"That opens up a whole series of jobs for people who want to go into that," says Bonnett. "Some of the equipment that is being used now is sophisticated equipment based on computer technology, which is a whole different skill set than somebody working on the end of a shovel."

Utilizing machinery is also a way for farms to keep being profitable. Costs for farms are constantly rising and new technology can make farms more productive. But, according to Bonnett, the choice to use more technology depends on where the farm is located and what their market is.

"If you're living near a fairly large center, sometimes there's tremendous opportunity to go after those niche markets," he says. "If you're further away, that's likely not as big an advantage. I think each farm has to take a look at what their assets are in relationship to the landbase they have, and their available labor force, and really take a look at a business plan that maximizes the return on those assets."

Those who have been in the farming industry for a long time are constantly adapting to new developments. The increasing mechanization over recent years is just the latest example of this.

Hans McPherson is 58 years old and is the owner of a farm in Montana. He's seen a lot of change in his life on the farm.

"I grew up on a dairy farm," says McPherson. "We dairied for all my dad's life, practically. We don't have dairy cows anymore, but I went over to a friend's place here who has a dairy and I was looking at their dairy equipment, and I wouldn't even begin to know how to run it anymore."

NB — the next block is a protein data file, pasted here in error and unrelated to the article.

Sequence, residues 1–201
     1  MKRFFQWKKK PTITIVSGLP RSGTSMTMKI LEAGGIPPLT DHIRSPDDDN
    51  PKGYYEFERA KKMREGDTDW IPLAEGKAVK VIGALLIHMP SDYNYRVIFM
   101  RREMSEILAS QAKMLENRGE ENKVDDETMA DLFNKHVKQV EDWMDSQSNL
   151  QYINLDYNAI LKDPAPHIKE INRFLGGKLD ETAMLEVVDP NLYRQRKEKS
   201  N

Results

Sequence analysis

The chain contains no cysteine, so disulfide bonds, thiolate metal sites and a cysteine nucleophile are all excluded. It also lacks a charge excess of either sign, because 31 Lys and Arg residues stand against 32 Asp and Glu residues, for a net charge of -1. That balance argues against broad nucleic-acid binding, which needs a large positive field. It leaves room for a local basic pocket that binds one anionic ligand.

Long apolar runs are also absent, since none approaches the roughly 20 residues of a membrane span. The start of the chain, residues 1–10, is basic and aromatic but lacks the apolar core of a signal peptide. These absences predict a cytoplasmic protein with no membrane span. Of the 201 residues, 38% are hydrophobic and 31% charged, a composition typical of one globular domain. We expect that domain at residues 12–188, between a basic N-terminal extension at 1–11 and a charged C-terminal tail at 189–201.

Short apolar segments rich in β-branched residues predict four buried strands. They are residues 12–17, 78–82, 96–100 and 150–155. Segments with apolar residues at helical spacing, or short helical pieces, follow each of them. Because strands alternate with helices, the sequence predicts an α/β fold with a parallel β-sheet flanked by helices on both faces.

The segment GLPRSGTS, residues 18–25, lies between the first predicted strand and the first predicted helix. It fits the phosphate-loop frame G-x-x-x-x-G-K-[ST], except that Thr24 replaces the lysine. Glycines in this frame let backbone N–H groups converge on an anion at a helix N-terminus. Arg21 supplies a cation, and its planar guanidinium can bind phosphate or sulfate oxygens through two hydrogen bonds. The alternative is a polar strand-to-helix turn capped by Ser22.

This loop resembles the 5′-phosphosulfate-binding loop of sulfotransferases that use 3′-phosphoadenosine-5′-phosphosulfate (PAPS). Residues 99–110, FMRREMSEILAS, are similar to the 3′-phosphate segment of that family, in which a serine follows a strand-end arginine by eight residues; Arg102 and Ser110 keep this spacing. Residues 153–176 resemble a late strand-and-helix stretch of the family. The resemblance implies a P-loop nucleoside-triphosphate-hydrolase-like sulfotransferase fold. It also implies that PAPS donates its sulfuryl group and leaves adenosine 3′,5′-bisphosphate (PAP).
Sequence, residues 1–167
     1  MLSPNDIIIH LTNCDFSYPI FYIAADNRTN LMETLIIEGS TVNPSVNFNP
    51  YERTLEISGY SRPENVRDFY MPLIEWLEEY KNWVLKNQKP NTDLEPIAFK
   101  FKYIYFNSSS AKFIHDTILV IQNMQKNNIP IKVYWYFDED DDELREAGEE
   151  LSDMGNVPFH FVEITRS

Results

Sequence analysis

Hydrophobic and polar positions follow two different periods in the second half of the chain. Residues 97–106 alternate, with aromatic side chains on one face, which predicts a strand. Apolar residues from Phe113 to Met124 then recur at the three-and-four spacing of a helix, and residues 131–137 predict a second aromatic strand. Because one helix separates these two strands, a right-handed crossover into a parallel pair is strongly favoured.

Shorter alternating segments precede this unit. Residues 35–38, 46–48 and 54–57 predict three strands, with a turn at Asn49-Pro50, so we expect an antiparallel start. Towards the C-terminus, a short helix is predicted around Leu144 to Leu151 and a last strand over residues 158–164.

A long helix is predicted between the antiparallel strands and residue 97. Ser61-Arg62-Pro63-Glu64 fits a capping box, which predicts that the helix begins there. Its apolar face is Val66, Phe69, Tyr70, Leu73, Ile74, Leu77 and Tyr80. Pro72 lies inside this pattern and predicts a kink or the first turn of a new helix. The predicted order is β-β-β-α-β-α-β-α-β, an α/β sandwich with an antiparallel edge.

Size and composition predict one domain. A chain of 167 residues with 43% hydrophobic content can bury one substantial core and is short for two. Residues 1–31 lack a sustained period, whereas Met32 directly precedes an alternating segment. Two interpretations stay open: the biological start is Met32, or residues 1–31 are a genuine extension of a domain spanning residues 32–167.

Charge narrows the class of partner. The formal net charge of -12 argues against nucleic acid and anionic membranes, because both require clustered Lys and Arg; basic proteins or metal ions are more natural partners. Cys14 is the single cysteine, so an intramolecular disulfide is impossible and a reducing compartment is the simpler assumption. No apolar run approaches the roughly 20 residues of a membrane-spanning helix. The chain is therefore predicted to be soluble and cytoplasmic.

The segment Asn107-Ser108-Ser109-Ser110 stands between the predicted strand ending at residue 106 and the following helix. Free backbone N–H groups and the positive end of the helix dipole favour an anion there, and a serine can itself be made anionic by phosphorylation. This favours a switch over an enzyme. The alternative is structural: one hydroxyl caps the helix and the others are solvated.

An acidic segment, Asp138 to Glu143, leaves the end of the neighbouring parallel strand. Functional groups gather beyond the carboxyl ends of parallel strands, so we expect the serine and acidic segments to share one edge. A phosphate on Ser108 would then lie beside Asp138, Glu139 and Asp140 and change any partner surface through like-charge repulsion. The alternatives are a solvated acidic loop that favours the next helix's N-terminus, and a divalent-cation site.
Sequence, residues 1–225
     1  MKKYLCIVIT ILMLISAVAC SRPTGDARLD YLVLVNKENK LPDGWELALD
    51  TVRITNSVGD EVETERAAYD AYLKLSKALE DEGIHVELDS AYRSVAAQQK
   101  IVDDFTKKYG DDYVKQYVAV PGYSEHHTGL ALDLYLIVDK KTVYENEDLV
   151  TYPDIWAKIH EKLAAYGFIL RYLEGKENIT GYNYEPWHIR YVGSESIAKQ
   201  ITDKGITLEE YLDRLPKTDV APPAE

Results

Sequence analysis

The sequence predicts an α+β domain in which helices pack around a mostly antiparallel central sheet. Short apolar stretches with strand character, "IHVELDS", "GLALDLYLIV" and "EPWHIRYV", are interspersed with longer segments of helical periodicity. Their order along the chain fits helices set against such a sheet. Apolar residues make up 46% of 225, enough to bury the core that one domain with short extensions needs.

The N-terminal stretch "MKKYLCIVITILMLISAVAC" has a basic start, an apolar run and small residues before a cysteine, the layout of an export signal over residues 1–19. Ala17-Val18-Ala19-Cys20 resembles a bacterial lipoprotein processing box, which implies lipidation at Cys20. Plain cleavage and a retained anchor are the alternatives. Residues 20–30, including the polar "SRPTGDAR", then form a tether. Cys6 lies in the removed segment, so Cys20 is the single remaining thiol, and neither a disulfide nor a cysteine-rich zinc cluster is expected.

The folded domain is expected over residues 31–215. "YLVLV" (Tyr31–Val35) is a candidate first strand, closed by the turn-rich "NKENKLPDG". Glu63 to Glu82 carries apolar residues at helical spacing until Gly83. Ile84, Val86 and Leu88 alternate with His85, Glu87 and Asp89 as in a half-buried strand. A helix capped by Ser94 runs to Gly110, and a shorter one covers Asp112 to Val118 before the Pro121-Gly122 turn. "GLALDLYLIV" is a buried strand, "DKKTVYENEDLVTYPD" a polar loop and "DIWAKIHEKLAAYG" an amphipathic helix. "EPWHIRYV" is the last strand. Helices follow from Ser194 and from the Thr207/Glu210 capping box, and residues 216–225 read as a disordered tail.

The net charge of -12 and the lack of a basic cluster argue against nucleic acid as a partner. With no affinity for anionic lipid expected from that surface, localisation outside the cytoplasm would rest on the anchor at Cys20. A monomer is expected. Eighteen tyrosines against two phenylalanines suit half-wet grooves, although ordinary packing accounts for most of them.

McPherson says that the dairy equipment he was looking at was all computerized, right down to details which he never would have imagined years ago.

"The computer measures the milk as it comes out of the cow, and can tell you right to the ounce how much milk the cow's giving every milking," he says. "If you treat that cow for any reason, the computer won't even allow you to put the milker on her until you switch it so the milk is the saved milk instead of going into the tank. The technology and the advancements in agriculture are pretty astounding."

McPherson agrees that although there may be a reduced need for physical labor on farms, there's still a need for people to work the machinery. But when it comes to the decision to invest in machinery to increase profits for farms, McPherson reminds us that it all comes down to what makes sense for each farm. And fewer people entering the farming industry can work to the advantage of the farmers that remain.

"We have to have a scale of economics," says McPherson. "In order to afford the more technological stuff and the more expensive equipment that works better, I have to farm more acres. But it's okay because there are fewer people wanting to farm those acres, too."

With new technology, there are fun perks to some classic traits of the farmer's life. McPherson says that because some of the newer machines are more reliable, he can actually keep some kind of planned schedule.

"I can tell my wife exactly when I'm going to be back and I'm done!" he says. "And I don't come home all greasy."